I am certain that this is something that does happen, as I read it occasionally in the obituaries. I am also aware that death in and of itself isn't something that usually holds an easily reached peace in most circumstances. But as I sit here next to my mother, who is on her second day under hospice care and her 11th day fighting death, I realize that I can't remember a time that my family has been afforded the experience of the title of this blog post.
My maternal grandfather died at the hospital, of congestive heart failure. They had just called to tell us he was going to be released to come home. Granted we knew he wasn't going to live very long, but he wanted to be at home and they were making that happen. Shortly after hanging up the phone, he died there, alone, without family, in his hospital room.
My paternal grandfather died in an ambulance on the way to the hospital after suffering a stroke as he waited outside the grocery store for my grandmother to return. My paternal grandmother died in a nursing home after a much too long battle with alzheimer's.
My maternal grandmother probably would have been likely to attain a peaceful passing as I'm sure she would have lived to be 100, but instead, while she died at home, it was not surrounded by family, and it was at the hands of someone who beat the life out of her. And three short months after bearing witness to the aftermath of this unfortunate scene, my father died alone in a hospital bed of a blood infection that was left to him after enduring a ridiculous amount of chemotherapy that may possibly have been shrinking his cancer, but surely left his body unable to fight anything else.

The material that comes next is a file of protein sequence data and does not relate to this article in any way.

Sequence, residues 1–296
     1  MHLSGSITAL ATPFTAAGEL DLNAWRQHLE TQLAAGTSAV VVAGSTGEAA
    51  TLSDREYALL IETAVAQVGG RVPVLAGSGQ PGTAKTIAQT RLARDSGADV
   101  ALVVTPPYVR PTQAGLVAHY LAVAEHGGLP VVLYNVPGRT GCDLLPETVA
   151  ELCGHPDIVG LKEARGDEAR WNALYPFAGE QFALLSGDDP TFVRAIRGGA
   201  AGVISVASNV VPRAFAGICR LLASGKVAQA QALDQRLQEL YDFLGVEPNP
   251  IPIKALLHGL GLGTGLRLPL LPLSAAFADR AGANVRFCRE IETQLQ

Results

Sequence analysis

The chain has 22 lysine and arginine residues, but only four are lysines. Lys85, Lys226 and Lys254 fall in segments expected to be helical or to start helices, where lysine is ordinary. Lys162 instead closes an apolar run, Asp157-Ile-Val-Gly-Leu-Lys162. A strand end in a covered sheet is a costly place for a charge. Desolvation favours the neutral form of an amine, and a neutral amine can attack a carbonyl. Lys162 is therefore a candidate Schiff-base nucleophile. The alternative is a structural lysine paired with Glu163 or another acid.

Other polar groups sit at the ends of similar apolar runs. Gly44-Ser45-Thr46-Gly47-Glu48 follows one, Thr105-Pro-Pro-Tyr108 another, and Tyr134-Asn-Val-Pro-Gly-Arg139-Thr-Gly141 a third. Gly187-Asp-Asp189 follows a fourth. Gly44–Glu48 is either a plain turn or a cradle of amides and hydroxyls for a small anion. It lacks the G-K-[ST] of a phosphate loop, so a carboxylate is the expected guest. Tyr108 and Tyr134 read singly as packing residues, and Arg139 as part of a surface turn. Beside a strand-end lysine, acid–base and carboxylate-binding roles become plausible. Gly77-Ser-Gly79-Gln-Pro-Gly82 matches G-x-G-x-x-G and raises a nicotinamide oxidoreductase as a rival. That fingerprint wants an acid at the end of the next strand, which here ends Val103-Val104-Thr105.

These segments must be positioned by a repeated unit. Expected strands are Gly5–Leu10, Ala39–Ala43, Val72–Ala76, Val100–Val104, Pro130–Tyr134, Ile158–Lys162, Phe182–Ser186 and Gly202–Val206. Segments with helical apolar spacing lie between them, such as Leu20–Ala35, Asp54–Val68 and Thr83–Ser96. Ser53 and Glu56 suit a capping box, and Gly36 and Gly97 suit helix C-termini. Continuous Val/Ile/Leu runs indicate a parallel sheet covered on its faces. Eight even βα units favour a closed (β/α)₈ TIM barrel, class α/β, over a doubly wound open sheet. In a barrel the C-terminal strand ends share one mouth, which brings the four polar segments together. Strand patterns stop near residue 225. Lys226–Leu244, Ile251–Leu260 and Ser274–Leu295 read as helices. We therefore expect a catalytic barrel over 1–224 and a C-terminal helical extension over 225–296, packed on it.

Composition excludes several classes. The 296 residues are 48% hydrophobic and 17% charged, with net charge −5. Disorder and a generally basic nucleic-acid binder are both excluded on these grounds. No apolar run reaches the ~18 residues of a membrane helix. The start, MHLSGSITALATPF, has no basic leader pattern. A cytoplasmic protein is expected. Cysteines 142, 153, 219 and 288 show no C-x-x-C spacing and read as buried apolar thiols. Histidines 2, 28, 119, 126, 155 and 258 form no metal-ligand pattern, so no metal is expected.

My uncle suffered a heart attack upon waking one morning. So, he may have been at home, but it was alone and not peaceful.
I could go back further to the great great grandmother who fell down my basement steps during her fourth pregnancy and both she and the baby died. She may have been at home, with family (including a 6 year old daughter who never forgot asking the doctor if he was going to save her mama) but it sure doesn't sound like it was peaceful for anyone.
There is also my grandmothers uncle Coonie, who was certainly at home surrounded by family as they enjoyed a dinner together, but getting up and going outside to cough up blood from black lung until he died in his wifes arms isn't exactly peaceful either.
As I lay here next to my mother, watching her go through her own passage to death, I can't help but wonder how one experiences a peaceful passing. Because I made a choice to allow my mother to have that, rather than to be sentenced to a life trapped inside her brain unable to experience any kind of life worth living. I made the choice to end her ultimate suffering, which would leave her bedridden in a nursing home, where she has told me multiple times that she would never want to be. And this process has been far from "peaceful", but no matter how painful it is for me, I can at least guarantee that she will have the presence of her loving family with her.
Perhaps another time I will be shown that "peacefully at home surrounded by their family" really does exist.